Where were the diagnostic tools – or any diagnostic method? Where was the Adult Attachment Interview, I ask again? Hadn’t she read any adult attachment disorder books or anything on adult attachment theory or adult attachment disorder?  But no.

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This is from Chapter 2 of Kathy’s forthcoming book DON’T TRY THIS AT HOME: The Silent Epidemic of Attachment Disorder—How I accidentally regressed myself back to infancy and healed it all.  Watch for the continuing series of excerpts from the rest of her book each Friday, as she explores her journey of recovery by learning the hard way about adult attachment theory, attachment disorder in adults, and the Adult Attachment Interview.

Footnotes

FN1  Taylor, Cathryn L. MFCC, “The Inner Child Workbook,” Penguin Putnam, New York, 1991

FN2  Main, Mary,  “The Adult Attachment Interview: Fear, attention, safety and discourse processes;” also titled “The Organized Categories of Infant, Child, and Adult Attachment: Flexible vs. Inflexible Attention Under Attachment-Related Stress,” Journal of the American Psychoanalytic Association, 2000, 48:1055-1095. At: http://70-40-200-36.bluehost.com/documents/Main.pdf
–This is a very difficult topic to research, so I did it for you; check my blog on it, with more footnotes at the end: http://attachmentdisorderhealing.com/adult-attachment-interview-aai-mary-main/

FN3  James, John W., Friedman, Russell, “The Grief Recovery Handbook,” Harper Collins, New York, 2009 (original 1998)

Tagged With: Adult Attachment Disorder, Adult Attachment Disorder Books, Adult Attachment Theory, Attachment Disorder in Adults, Adult Attachment Interview, Divorce, Rebound, Emotional pain, Grief, Inner Child, Therapy, Trauma, Limbic Brain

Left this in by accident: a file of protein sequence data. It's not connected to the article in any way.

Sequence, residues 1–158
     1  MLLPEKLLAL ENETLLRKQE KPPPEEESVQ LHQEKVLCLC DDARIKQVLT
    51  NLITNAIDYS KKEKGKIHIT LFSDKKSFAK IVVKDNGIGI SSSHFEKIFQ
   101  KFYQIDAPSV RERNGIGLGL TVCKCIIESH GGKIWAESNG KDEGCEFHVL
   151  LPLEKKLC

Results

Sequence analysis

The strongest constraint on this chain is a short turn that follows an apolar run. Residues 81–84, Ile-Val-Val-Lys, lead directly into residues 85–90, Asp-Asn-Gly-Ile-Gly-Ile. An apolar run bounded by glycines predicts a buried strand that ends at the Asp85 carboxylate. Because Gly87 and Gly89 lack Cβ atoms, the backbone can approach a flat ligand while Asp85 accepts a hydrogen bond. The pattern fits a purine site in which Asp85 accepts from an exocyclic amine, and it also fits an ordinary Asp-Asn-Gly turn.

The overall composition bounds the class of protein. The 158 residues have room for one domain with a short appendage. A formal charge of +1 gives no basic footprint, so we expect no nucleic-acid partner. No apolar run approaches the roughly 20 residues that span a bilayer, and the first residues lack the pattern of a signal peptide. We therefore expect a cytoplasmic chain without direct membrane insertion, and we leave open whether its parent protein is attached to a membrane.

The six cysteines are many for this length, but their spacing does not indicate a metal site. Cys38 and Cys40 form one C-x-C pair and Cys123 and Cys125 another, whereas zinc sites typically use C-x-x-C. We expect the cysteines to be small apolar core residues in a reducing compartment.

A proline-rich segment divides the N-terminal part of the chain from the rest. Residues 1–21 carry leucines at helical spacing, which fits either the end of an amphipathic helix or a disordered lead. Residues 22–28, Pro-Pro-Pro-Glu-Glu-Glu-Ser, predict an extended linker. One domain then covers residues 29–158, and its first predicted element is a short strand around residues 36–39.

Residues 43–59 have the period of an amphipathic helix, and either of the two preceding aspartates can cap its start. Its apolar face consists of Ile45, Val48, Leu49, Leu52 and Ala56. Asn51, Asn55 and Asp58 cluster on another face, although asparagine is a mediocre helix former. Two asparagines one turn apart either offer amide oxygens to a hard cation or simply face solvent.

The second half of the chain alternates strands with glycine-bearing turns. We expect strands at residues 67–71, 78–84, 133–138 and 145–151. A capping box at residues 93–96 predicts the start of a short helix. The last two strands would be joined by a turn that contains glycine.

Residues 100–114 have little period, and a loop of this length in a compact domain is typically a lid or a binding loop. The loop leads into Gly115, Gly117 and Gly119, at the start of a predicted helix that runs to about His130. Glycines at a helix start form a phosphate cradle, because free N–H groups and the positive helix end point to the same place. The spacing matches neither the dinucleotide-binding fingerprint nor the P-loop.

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Comments are encouraged with the usual exceptions; rants, political speeches, off-color language, etc. are unlikely to post.  Starting 8-22-16, software will limit comments to 1030 characters (2 long paragraphs) a while, until we get new software to take longer comments again.

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When Family Doesn’t Get It, Recovery Partners Will

#4 in the news blog series; original post on ACEsConnection, September 26, 2013

When we’re hurting, we all want and need those closest to us to “get it,” but please take comfort from the statistic that it usually does not happen that way.  Why?  Therapist and scholar Jack Kornfield says, “Even Buddha and Jesus had a lot of trouble with their families when they went home!  So did Mother Theresa.  Holding up the ring nuns wear as brides of Christ, she told a journalist: ‘ I’m married, too, and He can be very difficult… ‘  ”

That’s because when we humans get close, to those closest to us, that proximity turns on the fight-flight paranoia in all concerned (in everyone, not just in me).  Why? That’s where humans get the most vulnerable, so that’s where (our bodies and paranoid brain stems feel) we could potentially get really hurt.  There is a lot of literature on this problem – please don’t feel alone on this!  You are exactly normal.

Henry Cloud & John Townsend

Henry Cloud & John Townsend

This is why we have support groups and that is why therapists exist.  In my experience it’s instead my recovery partners, my trauma-informed therapist, and trauma-informed folk such on ACEsConnection who get it.  And that’s a life-saver.

Dr. John Townsend says: “There will be people who are marked, at the same time as you.  Find them.”

Find people who are in the same boat, who are not in denial, who do get it– and spent a lot of flight time sitting with them, face to face.  That’s where the real healing is.

When I did that work, I didn’t know about ACEsConnection, the  private Facebook  of the ACE Study.  ACE is the top research on childhood emotional pain and health;  it shows Adverse Childhood Experiences (ACE) actually create most medical, mental health and emotional issues in adults.

What I did in 2009 was to get relief by piling on many extra hours of “flight time” sitting with my Recovery partners, one whose parents were dying, and another whose spouse committed suicide.  The emotional pain was excruciating, but the process worked — because we were in the same boat.

We used the “Grief Recovery Handbook” by John James & Russell Friedman and wrote “Grief Letters” as the book assigns. It’s an arduous method and they do caution:  Don’t do this alone!